FOR THOSE OF YOU THAT CARE, this is worth the read!

(A thought-provoking note for the first day of spring!)

It may just be because we grow naturally and love Mother Earth.

It may be just because I have an eight-year-old grandson that I would love to see grow up happy and healthy.

Then again, it may be just because!

We do not like to use pesticides.  We encourage good bugs.  Use companion planting.  Pull weeks and maintain our gardens by hand – inside and out!  It never bothered me to get down into the dirt (The ugly part is trying to get back up with fake knees – LOL), up close and personal with our plants.  I really enjoy it – yes, even pulling weeds.

Roughly 20 years ago, our local PBS station ran a program called: My Father’s Farm…this was eye-opening to me.  It was narrated by a woman recalling her childhood on the farm.  She shared how her father got sick and died early due to the pesticides (remember, the childhood was the 40’s – 60’s eras) used back then.  I remember growing up on a farm with animals and equipment to maintain the 80 acres we had.  I remember Dad mixing up stuff to go put on the fields to chase off the bugs and weeds, but I never thought twice about it because it was just what farmers did. (Note: I have tried in vain to find the old documentary – if I should come across it, I will share because it is worth watching!)  My father died at age 54 of cancer.

Now I am not blaming everything toxic for my father’s cancer.  He smoked like a chimney since he was a young teenager.  But I am sure the pesticides did not help.

PBS ran a similar story in 1996 called: My Father’s Garden…this is similar, but not as scary as the “farm” one.  It talks more about changes in farming and gardening.

Those of you that read me also know that I receive the MNN (Mother Nature Network) newsletter.  I just received this little beauty:  Roundup weed killer deemed a carcinogen, at least in California by Jenn Savedge

I am a fast reader, so it only took me about 15 minutes to read this article – however – I also had to swing out and check out the facts they list, which took me much longer.  Pretty scary findings from my point of view.  Just one more reason for my sister and I to choose no chemicals on our little piece of Earth.  Besides, I am pretty sure if our chickens went mutant, they would learn how to open doors, get into my bedroom at night, and scare the snot out of me!

scary mutant chicken  (This is sooo not right!!)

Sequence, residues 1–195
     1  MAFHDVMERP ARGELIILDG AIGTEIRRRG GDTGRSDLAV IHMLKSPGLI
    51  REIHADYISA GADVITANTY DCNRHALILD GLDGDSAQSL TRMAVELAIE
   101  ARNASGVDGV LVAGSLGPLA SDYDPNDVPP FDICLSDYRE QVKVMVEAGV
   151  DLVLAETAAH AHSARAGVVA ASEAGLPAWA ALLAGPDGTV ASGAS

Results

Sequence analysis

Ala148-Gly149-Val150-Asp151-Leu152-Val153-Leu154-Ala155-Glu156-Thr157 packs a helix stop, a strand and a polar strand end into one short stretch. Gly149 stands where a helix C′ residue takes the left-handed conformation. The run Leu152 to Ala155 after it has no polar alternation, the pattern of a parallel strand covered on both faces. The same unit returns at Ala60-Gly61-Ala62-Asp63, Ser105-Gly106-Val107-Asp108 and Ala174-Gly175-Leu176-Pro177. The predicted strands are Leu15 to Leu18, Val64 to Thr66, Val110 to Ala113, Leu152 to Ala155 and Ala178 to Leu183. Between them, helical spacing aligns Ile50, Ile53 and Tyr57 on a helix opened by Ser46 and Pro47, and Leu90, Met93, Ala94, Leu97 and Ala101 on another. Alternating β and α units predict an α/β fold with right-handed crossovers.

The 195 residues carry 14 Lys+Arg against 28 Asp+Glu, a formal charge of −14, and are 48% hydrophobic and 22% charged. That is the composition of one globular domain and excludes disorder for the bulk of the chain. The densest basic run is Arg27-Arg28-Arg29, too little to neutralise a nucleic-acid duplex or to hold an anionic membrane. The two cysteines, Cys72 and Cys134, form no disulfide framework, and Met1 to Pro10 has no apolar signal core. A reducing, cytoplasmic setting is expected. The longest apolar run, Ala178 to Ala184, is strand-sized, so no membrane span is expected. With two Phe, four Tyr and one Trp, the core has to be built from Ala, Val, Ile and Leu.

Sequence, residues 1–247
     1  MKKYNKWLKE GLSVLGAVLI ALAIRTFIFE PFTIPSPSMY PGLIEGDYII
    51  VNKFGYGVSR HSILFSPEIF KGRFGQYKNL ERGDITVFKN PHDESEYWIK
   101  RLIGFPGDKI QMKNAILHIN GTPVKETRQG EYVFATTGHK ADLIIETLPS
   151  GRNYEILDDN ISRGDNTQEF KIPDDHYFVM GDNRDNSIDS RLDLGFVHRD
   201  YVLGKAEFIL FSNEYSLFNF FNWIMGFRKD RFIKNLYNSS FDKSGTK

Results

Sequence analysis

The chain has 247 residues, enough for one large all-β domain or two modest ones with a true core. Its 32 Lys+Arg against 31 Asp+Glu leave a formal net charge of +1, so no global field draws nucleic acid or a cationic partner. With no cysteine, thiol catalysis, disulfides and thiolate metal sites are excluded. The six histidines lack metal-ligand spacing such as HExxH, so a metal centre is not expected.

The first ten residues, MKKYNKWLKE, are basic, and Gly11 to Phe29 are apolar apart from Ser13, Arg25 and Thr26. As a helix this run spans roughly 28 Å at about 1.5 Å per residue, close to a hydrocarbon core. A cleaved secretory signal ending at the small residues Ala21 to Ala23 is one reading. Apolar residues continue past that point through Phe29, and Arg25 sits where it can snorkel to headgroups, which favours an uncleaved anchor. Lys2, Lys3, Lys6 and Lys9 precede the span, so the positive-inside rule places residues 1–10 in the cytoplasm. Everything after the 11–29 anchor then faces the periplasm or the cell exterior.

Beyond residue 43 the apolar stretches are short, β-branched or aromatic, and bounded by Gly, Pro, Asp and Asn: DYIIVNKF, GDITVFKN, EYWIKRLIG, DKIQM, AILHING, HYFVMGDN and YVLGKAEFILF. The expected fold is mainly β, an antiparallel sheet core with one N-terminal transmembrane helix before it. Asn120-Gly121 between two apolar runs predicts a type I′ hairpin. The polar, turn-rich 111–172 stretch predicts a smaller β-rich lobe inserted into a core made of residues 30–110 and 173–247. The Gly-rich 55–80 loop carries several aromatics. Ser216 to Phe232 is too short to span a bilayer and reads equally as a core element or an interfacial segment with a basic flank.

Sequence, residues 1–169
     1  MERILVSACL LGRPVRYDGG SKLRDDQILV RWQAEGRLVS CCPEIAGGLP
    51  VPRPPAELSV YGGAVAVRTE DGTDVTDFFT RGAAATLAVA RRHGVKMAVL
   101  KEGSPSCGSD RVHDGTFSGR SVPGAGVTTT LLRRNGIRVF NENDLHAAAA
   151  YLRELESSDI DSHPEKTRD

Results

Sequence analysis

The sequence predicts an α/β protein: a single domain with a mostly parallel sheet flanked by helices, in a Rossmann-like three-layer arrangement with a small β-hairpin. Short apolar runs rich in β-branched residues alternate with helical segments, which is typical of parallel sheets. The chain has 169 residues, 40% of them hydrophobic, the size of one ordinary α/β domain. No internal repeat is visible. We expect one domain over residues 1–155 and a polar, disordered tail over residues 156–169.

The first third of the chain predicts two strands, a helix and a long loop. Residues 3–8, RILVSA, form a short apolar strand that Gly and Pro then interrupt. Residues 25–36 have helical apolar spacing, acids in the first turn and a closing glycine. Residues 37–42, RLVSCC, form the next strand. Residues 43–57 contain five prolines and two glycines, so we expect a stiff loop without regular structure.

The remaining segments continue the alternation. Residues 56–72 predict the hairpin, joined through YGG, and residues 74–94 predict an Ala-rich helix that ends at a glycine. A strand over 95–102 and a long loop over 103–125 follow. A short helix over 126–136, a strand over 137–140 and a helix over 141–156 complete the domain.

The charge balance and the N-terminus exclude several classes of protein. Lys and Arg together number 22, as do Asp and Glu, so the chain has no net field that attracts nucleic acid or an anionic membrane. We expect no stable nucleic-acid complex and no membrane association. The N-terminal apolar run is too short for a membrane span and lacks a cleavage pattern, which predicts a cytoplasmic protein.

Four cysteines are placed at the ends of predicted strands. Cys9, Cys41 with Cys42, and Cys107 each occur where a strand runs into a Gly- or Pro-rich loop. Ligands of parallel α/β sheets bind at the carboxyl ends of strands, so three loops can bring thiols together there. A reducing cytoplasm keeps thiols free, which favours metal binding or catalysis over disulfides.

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5 thoughts on “FOR THOSE OF YOU THAT CARE, this is worth the read!

  1. I grew up in Florida and all summer when the kids were out playing, trucks would drive around spraying insecticide into the air to kill mosquitoes. I can’t imagine that back in the early 70’s and 80’s anyone paid any attention to how it would affect humans! I still remember the smell – and the taste – of it.
    My mother grew up on a citrus farm in S. Florida, 1940’s to 1960’s. She got a very rare form of cancer that took her at 57, after years of fighting it. It formed in her abdomen first – just where she used to carry fresh fruit in her shirt.

    Liked by 1 person

    • I understand completely! They still spray out here for the mosquitoes – more so in the city (they leave us alone – yea!). We have tons-o-frogs and toad and lizards and snakes. Also bats at night to help with our beasties. We have also been trying some different natural repellants…always on the look-out for natural!

      Liked by 1 person

  2. Some of the older herbicides were downright scary.
    Anyone remember 2,3,5-T?,4,5-Trichlorophenoxyacetic_acid

    Or a common herbicide available today 2,4-D,4-Dichlorophenoxyacetic_acid

    And then what you got when you mixed them together? Yeah… Agent Orange. I’ll bet you all recognise that name!

    Some of this is downright horrific. But you can use herbicides if you are really careful. But even then I think a lot of what they tell us is… Well… for lack of a better term.. bollocks.
    Either that or they have yet to learn what it can do.

    The impressive point was when they told you that you could drink round up.

    If in doubt… Dig it out. Your compost bin will love you for it. B-)

    Liked by 1 person

      • I get the drive behind it. I really do. I’ll bet it was full of the best intentions. I think we have just taken to many steps.
        Also… People are used to what they see as perfection now.
        The food had to be just so and a certain colour or size of shape.
        Nature just isn’t like that.

        However… I do like the haber process for fertilizers. I don’t think we could keep crops going in our present system without it and changing systems now would be monumentally difficult and expensive as hell


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